I headed east on Highway 59/31 and noticed a full moon had risen from behind the supercell updraft.
Shortly after I passed through the town of Kincaid, the storm cycled a new, toothy wall cloud to my northeast.  Around the time of this video capture (737pm... telephone poles in foreground), the "Blue Mound tornado" was born.
Within a minute and a half, two distinct stovepipe tornadoes appeared to be emanating from the ugly, descending wall cloud.
Another lightning flash ~30 seconds later revealed much the same structure... with the positions of the two vortices having not changed.  Ultimately, it's inconclusive to me whether this was two separate tornadoes or one big multi-vortex circulation, due to the paucity of the lightning flashes.
739pm - I pulled over to try to get some better video ~2 miles west of Blue Mound.  The tornado was taking on a wedge shape. 
My camcorder captured a well-defined powerflash a couple seconds later.  Note the incredibly stout updraft structure above the tornado.
740pm - violent wedge tornado 4 miles to my north.  Backlighting via lightning flashes was at its peak during this period.  There appeared to be a possible secondary (satellite?) tornado off to its right, as in the image.  I drove east to Blue Mound and then north on County Road 1077. 
746pm - this image captures the last good look I got via backlighting as I pulled within a mile or two of the tornado...view looking northeast.  A hint of a clear slot was nosing in from the west, and the tornado's appearance was rather ominous given significant lowering of the parent cloud base.  Soon after, I encountered a destroyed home strewn across the highway at a point five miles north of Blue Mound.  The owner, David Matthes, sought shelter in his basement and blessedly survived without injury.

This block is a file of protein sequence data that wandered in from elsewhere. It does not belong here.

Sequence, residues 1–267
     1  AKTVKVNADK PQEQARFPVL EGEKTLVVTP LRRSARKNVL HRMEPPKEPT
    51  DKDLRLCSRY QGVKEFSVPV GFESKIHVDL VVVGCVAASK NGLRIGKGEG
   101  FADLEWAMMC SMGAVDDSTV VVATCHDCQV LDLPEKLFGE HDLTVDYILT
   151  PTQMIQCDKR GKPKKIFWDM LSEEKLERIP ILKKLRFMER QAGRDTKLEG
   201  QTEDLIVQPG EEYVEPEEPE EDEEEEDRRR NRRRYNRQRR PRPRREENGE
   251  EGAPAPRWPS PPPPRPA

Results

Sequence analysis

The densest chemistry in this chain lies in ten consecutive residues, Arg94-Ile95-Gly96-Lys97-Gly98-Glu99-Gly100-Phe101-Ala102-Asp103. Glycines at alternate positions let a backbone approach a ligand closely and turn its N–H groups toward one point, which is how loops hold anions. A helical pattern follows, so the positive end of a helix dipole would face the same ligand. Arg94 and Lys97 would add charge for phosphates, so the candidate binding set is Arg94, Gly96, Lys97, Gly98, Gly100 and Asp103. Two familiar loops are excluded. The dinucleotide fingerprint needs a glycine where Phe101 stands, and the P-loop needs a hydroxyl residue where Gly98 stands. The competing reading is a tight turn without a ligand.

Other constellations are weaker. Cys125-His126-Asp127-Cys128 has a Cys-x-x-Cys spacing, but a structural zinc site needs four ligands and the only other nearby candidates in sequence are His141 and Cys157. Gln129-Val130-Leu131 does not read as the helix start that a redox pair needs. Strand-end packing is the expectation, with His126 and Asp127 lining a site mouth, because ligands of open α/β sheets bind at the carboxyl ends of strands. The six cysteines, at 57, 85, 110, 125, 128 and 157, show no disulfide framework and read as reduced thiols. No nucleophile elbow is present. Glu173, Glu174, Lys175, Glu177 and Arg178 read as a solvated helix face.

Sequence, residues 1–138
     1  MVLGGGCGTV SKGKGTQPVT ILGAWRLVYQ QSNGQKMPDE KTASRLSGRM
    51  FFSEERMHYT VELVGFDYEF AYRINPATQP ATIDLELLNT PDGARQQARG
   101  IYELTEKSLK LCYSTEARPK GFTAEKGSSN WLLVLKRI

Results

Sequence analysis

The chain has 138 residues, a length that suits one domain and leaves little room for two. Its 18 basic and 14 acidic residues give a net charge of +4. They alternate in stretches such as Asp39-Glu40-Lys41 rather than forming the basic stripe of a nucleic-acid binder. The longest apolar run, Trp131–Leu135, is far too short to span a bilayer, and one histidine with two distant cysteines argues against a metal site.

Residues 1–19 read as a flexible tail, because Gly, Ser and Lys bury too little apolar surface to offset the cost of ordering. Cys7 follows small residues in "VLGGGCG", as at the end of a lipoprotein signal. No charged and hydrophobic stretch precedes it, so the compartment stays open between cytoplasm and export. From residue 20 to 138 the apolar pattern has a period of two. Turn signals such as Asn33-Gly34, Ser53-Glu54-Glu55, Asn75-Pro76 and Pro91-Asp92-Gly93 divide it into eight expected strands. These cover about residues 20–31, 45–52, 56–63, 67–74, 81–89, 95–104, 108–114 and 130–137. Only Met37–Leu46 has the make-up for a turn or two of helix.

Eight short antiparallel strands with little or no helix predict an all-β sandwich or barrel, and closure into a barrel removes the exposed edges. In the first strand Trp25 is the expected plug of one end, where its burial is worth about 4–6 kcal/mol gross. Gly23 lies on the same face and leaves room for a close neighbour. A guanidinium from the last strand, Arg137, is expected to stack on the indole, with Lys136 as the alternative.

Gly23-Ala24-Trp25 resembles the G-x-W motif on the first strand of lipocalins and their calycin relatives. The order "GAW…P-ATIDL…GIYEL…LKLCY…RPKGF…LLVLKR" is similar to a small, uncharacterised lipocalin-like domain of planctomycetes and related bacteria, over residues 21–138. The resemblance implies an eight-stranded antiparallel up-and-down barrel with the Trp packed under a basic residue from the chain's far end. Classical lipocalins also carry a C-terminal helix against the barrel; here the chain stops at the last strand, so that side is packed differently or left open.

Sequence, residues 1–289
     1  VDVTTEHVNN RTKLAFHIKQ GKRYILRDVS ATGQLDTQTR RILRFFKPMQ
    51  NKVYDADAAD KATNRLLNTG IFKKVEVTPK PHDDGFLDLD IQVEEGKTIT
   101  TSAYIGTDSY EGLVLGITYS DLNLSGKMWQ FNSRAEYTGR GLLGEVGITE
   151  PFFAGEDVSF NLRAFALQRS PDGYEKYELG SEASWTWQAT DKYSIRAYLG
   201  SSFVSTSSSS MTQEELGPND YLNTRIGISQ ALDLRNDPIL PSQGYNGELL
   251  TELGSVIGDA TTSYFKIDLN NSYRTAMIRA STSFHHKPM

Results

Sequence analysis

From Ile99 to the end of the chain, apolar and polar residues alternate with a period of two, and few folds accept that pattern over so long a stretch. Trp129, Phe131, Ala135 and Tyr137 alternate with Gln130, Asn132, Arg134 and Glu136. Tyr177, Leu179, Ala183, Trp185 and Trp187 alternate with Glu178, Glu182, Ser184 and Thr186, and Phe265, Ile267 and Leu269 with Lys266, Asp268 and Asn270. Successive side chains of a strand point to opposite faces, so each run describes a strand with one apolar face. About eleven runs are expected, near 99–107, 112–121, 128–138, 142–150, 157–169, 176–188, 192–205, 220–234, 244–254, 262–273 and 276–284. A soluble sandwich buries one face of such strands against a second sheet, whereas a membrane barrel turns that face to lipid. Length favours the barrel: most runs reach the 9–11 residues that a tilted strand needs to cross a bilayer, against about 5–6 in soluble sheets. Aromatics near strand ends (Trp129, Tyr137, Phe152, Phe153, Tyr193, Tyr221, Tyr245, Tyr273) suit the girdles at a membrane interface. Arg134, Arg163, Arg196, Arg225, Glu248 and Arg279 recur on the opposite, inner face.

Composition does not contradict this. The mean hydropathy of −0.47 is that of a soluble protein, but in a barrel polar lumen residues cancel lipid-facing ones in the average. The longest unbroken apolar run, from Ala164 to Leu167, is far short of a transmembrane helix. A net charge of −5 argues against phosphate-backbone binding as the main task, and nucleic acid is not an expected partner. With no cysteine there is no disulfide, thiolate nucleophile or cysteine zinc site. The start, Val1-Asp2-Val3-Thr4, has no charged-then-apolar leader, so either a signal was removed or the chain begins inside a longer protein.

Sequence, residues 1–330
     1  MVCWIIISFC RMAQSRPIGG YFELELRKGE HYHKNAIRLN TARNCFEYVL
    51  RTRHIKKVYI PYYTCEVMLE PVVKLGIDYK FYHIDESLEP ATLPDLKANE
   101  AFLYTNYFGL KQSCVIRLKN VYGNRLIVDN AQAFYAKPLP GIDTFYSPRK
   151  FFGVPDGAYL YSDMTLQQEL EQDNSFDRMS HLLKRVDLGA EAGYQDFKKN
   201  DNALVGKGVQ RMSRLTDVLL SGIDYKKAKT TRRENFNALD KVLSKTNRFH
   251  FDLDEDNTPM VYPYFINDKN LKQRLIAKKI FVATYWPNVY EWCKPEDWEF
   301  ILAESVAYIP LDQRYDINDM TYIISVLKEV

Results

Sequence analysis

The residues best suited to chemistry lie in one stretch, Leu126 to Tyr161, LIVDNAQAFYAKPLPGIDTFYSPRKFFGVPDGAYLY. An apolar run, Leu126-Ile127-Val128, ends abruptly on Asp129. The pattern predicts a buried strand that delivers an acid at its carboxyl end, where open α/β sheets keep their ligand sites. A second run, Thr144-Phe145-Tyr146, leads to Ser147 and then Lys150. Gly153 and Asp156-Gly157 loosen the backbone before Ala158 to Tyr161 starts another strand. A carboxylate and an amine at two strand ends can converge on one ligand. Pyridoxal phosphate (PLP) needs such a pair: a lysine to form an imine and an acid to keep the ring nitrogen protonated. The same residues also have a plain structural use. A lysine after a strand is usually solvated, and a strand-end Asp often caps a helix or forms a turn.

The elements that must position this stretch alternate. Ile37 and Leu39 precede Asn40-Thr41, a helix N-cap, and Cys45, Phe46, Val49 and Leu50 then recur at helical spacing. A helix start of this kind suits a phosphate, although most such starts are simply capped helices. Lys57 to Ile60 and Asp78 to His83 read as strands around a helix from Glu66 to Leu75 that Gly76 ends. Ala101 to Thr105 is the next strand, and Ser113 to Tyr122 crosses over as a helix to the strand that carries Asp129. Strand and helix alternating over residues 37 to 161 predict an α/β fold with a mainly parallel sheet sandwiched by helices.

Soundings, maps, radar


chase route in green, observed tornado paths in black per NWS storm surveys


Base reflectivity & storm-relative velocity as tornado passed due north of Blue Mound (NWSEAX)



20Z OUN special RAOB (which ultimately was what pushed me out the door to chase!); and 00Z & 04Z SGF RAOBs



00Z Topeka KS RAOB modified for 01Z conditions at Blue Mound KS

(used TOP to achieve an appropriate pressure surface; sounding created via 21-06Z LMN/OUN/SGF RAOBs and 00-02Z RUC model trends)

Sfc T/Td: 64/55 F

MLCAPE: 1075 J/kg

MLCINH: 28 J/kg

0-3 km MLCAPE: 46 J/kg

MLLCL: 949 m

MLLFC: 1559 m


representative hodograph via Neodesha KS profiler

storm motion: 246 deg @ 32 kts

0-1 km SRH: 363 m2/s2

0-3 km SRH: 466 m2/s2

0-1 km bulk shear: 33 kts

0-6 km bulk shear: 62 kts

7-10 km SR flow: 54 kts